Uber responds to MIT research on driver incomes

Uber’s Chief Economist Jonathan Hall has rebutted the claims made by the MIT Centre for Energy and Environmental Policy research that suggested that many of Uber’s drivers are making less than the US minimum wage.

Hall wrote a blog that took issues with the methods used in the research. He claimed the methodology resulted in “hourly earnings numbers that are far, far below what any previous study has found”.

Hall added: “It is important to note that we do not take issue with the paper’s estimation of costs. They are very much in line with previously-reported costs associated with driving. But the methodology used to arrive at the eye-poppingly low earnings numbers is deeply flawed.”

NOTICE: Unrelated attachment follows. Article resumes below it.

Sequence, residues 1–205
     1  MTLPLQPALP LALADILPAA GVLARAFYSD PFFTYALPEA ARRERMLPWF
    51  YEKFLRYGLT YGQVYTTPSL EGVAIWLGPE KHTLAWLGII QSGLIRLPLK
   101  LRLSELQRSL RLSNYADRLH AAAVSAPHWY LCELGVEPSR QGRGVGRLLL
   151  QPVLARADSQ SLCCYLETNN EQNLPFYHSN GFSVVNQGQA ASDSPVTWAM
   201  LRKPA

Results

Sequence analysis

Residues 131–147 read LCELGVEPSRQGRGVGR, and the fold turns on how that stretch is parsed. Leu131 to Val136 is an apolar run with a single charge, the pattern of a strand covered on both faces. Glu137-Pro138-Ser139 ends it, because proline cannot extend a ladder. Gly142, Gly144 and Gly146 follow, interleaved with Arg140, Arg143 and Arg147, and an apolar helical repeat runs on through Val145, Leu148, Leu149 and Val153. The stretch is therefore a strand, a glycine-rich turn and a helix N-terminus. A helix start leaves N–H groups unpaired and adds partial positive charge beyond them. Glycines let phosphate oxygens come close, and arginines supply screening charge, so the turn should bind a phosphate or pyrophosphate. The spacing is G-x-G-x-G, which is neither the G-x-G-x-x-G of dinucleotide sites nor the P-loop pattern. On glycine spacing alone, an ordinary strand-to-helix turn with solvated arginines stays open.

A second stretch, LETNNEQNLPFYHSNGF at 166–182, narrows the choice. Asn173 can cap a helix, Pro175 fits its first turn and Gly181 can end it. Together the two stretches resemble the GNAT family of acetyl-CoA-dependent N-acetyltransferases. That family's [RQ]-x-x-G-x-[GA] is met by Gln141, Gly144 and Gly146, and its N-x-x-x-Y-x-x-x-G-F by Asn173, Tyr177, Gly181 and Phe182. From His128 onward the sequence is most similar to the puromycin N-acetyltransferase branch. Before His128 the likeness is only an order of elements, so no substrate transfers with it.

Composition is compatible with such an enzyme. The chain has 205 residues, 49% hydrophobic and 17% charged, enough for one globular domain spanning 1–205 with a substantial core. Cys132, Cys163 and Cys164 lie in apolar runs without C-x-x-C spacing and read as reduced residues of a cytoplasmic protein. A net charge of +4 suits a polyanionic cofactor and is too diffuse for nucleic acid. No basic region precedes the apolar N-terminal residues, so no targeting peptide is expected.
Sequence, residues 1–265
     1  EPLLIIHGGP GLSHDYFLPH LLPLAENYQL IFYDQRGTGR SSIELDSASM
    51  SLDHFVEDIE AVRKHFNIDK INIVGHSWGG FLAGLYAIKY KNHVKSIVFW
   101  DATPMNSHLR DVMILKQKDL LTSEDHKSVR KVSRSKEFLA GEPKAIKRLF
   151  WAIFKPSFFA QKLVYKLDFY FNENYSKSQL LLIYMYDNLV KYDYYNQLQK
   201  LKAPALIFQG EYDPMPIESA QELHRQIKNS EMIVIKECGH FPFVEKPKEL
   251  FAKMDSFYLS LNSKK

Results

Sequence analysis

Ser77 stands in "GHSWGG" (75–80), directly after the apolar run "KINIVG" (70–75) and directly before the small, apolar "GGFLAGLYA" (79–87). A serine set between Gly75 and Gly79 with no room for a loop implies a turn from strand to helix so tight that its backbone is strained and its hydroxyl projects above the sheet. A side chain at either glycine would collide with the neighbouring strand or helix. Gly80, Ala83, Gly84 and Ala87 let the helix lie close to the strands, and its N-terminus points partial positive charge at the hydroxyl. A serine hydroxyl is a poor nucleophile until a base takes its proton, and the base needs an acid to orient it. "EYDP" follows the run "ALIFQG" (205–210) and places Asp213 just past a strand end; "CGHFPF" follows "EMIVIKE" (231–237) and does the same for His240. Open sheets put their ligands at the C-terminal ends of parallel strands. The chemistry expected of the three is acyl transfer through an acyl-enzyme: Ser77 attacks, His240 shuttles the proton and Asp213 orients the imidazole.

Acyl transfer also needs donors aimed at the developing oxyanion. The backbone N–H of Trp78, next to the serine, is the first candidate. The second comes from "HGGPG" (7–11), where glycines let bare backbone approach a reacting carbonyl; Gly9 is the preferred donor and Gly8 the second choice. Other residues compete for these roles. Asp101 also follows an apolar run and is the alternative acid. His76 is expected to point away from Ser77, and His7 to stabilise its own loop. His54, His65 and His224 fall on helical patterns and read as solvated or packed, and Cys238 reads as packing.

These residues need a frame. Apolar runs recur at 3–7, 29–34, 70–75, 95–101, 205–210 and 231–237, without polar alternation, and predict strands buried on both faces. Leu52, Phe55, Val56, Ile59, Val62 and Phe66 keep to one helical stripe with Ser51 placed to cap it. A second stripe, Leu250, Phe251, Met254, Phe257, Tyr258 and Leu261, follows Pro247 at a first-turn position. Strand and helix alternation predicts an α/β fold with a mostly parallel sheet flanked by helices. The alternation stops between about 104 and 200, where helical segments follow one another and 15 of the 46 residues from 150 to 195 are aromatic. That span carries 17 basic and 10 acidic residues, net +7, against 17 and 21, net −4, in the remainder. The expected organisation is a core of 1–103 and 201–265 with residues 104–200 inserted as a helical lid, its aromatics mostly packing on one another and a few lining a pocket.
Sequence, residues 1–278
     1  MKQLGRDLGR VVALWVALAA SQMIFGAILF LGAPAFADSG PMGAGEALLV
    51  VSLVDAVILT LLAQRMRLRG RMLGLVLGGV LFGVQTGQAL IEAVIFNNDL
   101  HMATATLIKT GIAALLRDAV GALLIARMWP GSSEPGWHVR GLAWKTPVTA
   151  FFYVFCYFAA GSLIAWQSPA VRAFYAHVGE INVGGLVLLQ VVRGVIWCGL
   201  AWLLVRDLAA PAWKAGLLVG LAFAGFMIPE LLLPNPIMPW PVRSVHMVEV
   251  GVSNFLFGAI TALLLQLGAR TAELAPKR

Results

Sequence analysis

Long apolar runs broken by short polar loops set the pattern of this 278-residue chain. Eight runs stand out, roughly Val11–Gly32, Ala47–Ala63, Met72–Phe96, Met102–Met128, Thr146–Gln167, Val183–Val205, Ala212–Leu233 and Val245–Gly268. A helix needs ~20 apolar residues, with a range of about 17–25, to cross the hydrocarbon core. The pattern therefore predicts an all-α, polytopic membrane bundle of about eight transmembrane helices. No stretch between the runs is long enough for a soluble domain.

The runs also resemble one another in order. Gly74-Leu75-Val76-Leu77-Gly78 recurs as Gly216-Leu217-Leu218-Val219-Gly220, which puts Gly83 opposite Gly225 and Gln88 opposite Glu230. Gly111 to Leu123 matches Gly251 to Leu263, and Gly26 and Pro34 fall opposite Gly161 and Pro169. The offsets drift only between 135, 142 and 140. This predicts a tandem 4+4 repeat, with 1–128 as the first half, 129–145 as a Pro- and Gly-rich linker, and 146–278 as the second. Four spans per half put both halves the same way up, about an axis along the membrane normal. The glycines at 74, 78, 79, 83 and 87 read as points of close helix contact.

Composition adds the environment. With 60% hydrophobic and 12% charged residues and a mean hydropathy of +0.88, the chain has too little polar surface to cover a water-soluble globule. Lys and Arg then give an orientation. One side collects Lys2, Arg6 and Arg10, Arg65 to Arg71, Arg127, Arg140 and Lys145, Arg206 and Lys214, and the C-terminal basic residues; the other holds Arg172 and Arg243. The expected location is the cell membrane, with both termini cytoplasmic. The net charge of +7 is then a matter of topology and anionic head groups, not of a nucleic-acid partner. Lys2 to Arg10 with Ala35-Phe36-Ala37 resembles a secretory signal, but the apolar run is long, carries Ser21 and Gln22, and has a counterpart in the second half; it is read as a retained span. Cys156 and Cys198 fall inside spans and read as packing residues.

The MIT research lead on this project ,Stephen Zoepf, responded by conceding “Hall’s specific criticism is valid; in retrospect the survey questions could and should have been worded more clearly.”

Zoepf signed off his statement by saying: “In the spirit of collaboration, I ask the following from Uber, in keeping with the original objectives of this paper.

“(1) Help make an open, honest and public assessment of the range of ride-hailing driver profit after the cost of acquiring, operating and maintaining a vehicle.

“(2) Transparently present the difference between actual and tax-reportable vehicle expenses used in the business.

“In support of these goals I am happy to share existing cost data from this working paper with Uber or Lyft, or to incorporate full and accurate revenue data from Uber in this analysis should they decide to share such data.”